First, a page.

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Toomey pushes for tariff relief

U.S. Sen. Pat Toomey, R-Pennsylvania, said Monday he’s not giving up in an effort to convince President Donald Trump to back down when it comes to what he termed a “trade war” with neighboring countries.

This year, Trump has imposed a number of tariffs on products from Canada, Mexico and the European Union, including a 25 percent tariff on imports of steel, and a 10 percent tariff on aluminum. A Canadian retaliatory effort kicked in Sunday with tariffs on American-made products including chocolate, ketchup and other items.

The American newspaper industry, meanwhile, has been hit hard by up to a 30 percent tariff on Canadian newsprint.

“We’re picking winners and losers, and while it’s great for the very, very small number of paper mills who will get a higher price for their product, it’s devastating for the thousands of newspapers across the country that have just seen a huge spike in their costs,” Toomey said during an interview at the Times News office.

“It’s a bad idea. I’m trying to persuade the president to focus on what I see as the real problem in trade, and that is the behavior of the Chinese. Their strategy is to acquire Western technology by any means necessary, including theft of intellectual property, coerced technology transfers and very bad behavior. That is what we should be fighting very aggressively.”

Toomey has partnered with Sen. Bob Corker, R-Tennessee, to draft legislation restoring Congress’ responsibility to have the final say when a president wishes to invoke the section of the trade law citing national security. The bill has 14 co-sponsors including many Democrats.”

While Trump has been willing to discuss the matter with senators he knows are opposed to the tariffs, Toomey said he’s unsure what the outcome will be.

“I don’t know of any Republican senator who thinks these tariffs are a good idea, but there are many Republican senators who are worried about picking a big fight with the president of their own party,” Toomey said. “I don’t know whether we’ll be successful in convincing him, but as time passes, I think the evidence that this is a bad idea is going to mount.”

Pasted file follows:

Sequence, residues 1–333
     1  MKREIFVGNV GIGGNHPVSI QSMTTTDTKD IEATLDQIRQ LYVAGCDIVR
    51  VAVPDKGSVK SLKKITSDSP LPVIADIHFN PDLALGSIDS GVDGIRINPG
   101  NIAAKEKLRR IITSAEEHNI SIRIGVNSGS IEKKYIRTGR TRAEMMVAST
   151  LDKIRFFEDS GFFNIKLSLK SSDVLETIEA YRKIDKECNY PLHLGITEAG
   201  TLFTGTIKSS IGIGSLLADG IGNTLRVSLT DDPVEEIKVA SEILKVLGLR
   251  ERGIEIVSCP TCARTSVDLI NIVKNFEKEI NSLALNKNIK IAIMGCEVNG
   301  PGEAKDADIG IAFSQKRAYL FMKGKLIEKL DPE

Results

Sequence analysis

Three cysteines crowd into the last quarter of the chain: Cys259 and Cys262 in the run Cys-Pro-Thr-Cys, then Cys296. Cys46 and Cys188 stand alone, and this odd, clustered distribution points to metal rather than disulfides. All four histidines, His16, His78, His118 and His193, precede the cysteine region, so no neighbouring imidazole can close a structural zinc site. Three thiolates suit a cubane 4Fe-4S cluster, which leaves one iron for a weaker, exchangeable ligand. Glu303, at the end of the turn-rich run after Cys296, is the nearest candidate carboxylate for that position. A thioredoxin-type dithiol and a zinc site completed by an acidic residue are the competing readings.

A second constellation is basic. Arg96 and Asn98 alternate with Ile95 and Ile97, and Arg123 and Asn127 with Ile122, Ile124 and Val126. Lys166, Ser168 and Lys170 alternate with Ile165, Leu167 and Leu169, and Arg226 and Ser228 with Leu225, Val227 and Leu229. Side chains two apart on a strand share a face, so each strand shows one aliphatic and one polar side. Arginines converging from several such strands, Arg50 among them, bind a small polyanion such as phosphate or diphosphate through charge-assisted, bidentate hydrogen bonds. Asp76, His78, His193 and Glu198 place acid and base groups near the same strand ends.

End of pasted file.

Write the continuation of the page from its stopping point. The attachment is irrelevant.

Harley-Davidson, for example, recently announced it will not be able to manufacture motorcycles in the United States and sell them in Europe due to newly imposed tariffs. The only option then is to manufacture them in Europe and sell them in Europe.

That, Toomey said, is the kind of decision that hundreds and thousands across America are going to be facing.

Gun laws

Last week’s shooting where five people were killed at the Capital Gazette in Maryland, Toomey said, “underscores the fact that there really is no simple universal solution when it comes to firearms.”

“Here you have a guy who did not have an extensive or serious criminal history,” Toomey said of shooting suspect Jarrod Ramos. “He used a pump-action shotgun, an extremely common shotgun that people use for sport shooting. The cries to ban various categories of weapons wouldn’t come into play in this case. I’m not aware of anyone who has asked for a ban on pump-action shotguns.”

Toomey’s long-standing view has been that background checks need to be tougher when trying to acquire firearms.

“We have a system that tolerates allowing violent criminals and dangerously mentally ill individuals to buy firearms under some circumstances such as at a gun show or over the internet,” Toomey said.

“I support the Second Amendment. I’m not interested in banning categories of firearms, but if you are dangerous to society, then we have every right to make it difficult to buy those firearms.”

The votes aren’t there on the background check legislation yet, but Toomey is hopeful.

More than one Republican senator, he said, who voted against the legislation last time it was on the floor, approached him with an interest in talking about it.

“It’s not enough to get us to 60, but if we can pick up a few Republican senators we didn’t have in the past, maybe we can get closer,” he added.

Productive session

With what he called “two or three solid months of legislative work” left for this version of Congress, Toomey said he thinks “this will end up going down as one of the most consequential and constructive Congress in a very long time.”

Toomey cited accomplishments such as confirming one and almost certainly two Supreme Court justices, and 21 confirmed circuit court judges and three more to be confirmed very soon, the most for a president in his first two years.

“We are really remaking the federal judiciary,” he said.

In other highlights, Toomey pointed to Congress’ vote to open up drilling in the Arctic National Wildlife Refuge, repealing the individual mandate on Obamacare and what he called “the biggest tax reform in 31 years.”

“The economy is extremely strong right now,” Toomey said. “Obviously there are some areas where it is not as strong as some other areas, but I think it’s as strong across the board as we’ve had in decades. We are beginning to see upward movement in wages and I think this is very likely a direct response of the tax reform.”